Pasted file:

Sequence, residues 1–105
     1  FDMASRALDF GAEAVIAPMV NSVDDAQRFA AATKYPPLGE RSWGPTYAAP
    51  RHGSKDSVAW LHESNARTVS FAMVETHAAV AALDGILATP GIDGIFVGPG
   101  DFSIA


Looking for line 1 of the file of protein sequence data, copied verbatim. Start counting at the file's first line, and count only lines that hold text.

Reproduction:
Sequence, residues 1–105